Writing Good Characters of Other Genders

51pr6d7nsblMost characters you’ve ever read have been either male or female – but there are a couple non or ambiguously gendered characters that deserve high praise.  Ann Leckie’s Breq/Justice of Toren from the Imperial Radch trilogy stands apart as an excellent example, as is HAL from 2001: A Space Odyssey.  Whenever we think about AIs or aliens, the possibility that they may not express gender the same way as their author must be considered.

Even if you don’t intend to have computers, aliens, or other non-human characters, chances are high your book will include a character of a gender you don’t belong to.  That can feel difficult sometimes, but writing good characters of the opposite gender has similar premises as writing one without gender.

I’ve tried my best to write good characters of multiple sexes and genders, and here’s what I’ve come up with.

Think Critically about Stereotypes

photography of woman in front of man in red polo shirtSometimes this is easier said than done.  Stereotypes can help authors because it allows us to create a character whose traits are known quickly.  Give a female character a tight ponytail or bun, and she’s all ready to get down to business.  Give a guy a scruffy beard,  glasses, and a fedora, and he’ll live in his parents’ basement. A reader will know what to expect from these characters without the need to introduce them.

At the same time, using stereotypes can work against you if the ploy is too obvious.  If your character has very many lines or appears multiple times throughout the book, avoiding these quick-creation schemes can help alleviate the sense that you don’t know how people really act.  Treat every character with as much care as your lead, ensuring to give them depth and motivation.

Give Your Characters Reason

analysis blackboard board bubble

Most humans are capable of judging and rationalizing decisions on their own.  Almost every human character is able to express rational thought.  Without these abilities, the decisions characters make wouldn’t have a complex set of causes and effects.  As a reader, you look for characters to make decisions based on causes, and you’re able to judge their decision making as a rational creature yourself.

If you wouldn’t make a decision your other-gendered character does, ask yourself ‘why.’  If it’s because of their gender, I’d really consider if your character is doing something reasonable at all.   Allow their decisions to be informed by the same information and feelings you would have.  Make sure that their decision to act otherwise still falls within a range of reasonability, and use your own rationality as a test.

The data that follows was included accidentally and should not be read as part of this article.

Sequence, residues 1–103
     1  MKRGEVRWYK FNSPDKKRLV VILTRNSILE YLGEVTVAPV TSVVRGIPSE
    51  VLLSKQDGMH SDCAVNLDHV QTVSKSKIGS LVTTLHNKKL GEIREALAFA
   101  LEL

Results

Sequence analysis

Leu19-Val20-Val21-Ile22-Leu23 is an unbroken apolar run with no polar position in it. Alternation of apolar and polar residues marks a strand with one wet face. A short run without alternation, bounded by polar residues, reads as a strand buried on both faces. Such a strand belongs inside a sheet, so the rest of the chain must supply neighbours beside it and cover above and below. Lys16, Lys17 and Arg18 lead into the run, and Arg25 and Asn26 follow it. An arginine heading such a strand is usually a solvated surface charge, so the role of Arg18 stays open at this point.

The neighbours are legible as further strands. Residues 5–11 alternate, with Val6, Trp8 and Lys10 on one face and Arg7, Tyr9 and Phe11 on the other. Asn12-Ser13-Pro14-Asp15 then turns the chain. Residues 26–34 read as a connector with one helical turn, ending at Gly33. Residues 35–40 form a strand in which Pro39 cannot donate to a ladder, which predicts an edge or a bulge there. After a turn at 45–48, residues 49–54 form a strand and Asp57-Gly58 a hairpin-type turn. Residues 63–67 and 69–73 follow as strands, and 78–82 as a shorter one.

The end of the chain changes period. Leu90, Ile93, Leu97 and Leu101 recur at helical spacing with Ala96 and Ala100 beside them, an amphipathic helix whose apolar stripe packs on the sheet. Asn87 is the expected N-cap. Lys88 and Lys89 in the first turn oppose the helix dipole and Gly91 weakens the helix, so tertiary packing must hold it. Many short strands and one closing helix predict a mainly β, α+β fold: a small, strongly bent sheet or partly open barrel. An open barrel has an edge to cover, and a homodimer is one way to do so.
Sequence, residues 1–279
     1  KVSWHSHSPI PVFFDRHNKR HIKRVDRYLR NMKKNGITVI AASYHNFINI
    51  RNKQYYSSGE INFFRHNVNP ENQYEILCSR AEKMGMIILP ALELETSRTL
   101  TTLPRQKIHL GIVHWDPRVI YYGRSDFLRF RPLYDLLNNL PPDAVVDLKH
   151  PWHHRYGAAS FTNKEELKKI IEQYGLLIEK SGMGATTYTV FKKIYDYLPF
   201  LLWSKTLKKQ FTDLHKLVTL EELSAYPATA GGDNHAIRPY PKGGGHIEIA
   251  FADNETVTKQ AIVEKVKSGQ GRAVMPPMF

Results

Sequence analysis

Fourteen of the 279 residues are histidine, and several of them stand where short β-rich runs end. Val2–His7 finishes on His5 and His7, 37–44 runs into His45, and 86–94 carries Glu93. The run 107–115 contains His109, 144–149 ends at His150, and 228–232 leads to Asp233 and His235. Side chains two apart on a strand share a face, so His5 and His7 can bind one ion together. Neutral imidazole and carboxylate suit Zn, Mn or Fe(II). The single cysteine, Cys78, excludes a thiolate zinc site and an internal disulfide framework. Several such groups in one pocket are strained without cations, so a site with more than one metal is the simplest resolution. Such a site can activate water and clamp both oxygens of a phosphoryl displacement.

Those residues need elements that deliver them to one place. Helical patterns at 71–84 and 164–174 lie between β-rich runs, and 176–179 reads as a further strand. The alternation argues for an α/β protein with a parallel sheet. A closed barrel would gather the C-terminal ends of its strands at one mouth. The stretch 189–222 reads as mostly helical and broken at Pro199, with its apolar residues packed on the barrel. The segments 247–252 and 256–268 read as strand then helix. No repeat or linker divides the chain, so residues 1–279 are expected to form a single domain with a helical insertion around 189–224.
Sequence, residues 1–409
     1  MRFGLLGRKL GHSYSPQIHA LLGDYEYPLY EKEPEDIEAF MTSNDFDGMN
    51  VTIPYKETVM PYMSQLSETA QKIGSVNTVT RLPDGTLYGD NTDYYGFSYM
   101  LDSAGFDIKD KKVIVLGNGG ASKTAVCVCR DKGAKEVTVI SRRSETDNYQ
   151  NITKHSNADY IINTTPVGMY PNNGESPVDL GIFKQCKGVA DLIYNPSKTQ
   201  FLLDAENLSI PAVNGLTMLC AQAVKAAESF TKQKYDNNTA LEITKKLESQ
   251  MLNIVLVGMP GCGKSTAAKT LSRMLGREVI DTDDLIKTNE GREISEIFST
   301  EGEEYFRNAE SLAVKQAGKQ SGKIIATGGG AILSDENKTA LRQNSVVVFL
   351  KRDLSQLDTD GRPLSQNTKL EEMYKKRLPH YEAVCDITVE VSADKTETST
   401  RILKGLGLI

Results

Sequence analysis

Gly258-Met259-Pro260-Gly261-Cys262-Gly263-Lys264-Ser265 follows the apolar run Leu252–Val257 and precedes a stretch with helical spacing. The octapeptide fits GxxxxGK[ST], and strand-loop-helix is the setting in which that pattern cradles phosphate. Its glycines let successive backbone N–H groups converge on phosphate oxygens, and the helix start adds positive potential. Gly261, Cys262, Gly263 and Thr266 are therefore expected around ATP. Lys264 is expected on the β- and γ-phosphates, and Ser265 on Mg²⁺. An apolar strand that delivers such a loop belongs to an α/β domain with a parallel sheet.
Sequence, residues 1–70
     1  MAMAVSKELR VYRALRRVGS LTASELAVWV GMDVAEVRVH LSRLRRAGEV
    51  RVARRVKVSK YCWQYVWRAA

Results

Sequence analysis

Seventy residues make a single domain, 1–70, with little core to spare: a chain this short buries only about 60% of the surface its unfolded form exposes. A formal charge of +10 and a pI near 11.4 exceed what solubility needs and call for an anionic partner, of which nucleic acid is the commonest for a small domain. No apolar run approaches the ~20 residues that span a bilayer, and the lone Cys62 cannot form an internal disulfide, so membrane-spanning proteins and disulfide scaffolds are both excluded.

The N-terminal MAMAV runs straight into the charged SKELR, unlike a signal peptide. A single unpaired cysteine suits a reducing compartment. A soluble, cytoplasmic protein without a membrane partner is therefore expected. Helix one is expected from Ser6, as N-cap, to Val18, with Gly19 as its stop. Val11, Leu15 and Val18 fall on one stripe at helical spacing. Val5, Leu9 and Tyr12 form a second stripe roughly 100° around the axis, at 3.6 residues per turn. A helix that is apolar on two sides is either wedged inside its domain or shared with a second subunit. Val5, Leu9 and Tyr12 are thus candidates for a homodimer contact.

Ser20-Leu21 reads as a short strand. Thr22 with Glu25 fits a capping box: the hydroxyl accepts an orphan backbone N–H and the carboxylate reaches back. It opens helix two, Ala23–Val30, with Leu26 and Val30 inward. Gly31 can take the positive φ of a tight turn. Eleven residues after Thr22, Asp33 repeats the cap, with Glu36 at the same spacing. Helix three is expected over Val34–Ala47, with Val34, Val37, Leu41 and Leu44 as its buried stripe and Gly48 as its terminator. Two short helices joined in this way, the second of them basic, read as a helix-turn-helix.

That brings me to another robot trope: the inability to feel or express emotion.  If you make this choice, you have to be very careful to keep this character unfeeling.

Describe Appearance Respectably

Appearance is where it seems male writers of female characters fall into the most trouble.  Recently, there was a Twitter hashtag where female writers wrote about male characters like they perceive male authors write about female characters.  What I noticed most vigorously when I read some of these hashtags was the focus on appearance.  (Also, I desperately hope my female characters are better written than some of the ones the Twitter people pointed out!)

 

If you were to describe the people above as they appear, would you take them seriously later when they’re landing a business deal or piloting a ship to save the empire?  Whenever you describe a character’s physical appearance, you run the risk of idolizing that appearance rather than conveying their personality.  Even if you add personality or action for your characters, focusing on appearance can degrade any of the work you put into them elsewhere.

Parting Thoughts

If you’re writing erotica, all of these rules can be thrown out the window.  I’m not much of an erotica person, but I can tell you that it is not the same as other writing.  Stereotypes help you get straight to the sex, and appearances matter a lot with vicarious scenes.  So there’s that.

Otherwise, these tips mostly help set you on a path to respect your characters.  If you respect your characters, your readers will too.  Take yourself and your words seriously.  If you have questions about a character’s portrayal, try to get other people’s input – especially those of the gender or sex you’ve written about.

I like writing characters of vague, interesting sexes and genders (robots and aliens mostly, I’ll admit).  Have you ever had difficulty writing a character of a different sex, orientation, or gender?  Do you have any tips?  Let me know in the comments below!

5 thoughts on “Writing Good Characters of Other Genders

  1. Tom Darby says:

    Can’t help but think of the Turing Test and an AI’s inability to ‘think’ like a man or woman in the ‘Party Game. It also reminds about a friend who said she was blown away by how well I can think like a female when writing — but she never once said anything about how I could think like a serial killer in the same story.

    • H.R.R. Gorman says:

      Stereotypes aren’t always bad, though. If your main characters go to the store, it’s probably easier to make their cashier ‘interesting’by making them goth than by trying to give them a whole backstory. I think it’s most problematic in the whole ‘damsel in distress’ trope because it can serve to weaken female characters tremendously.

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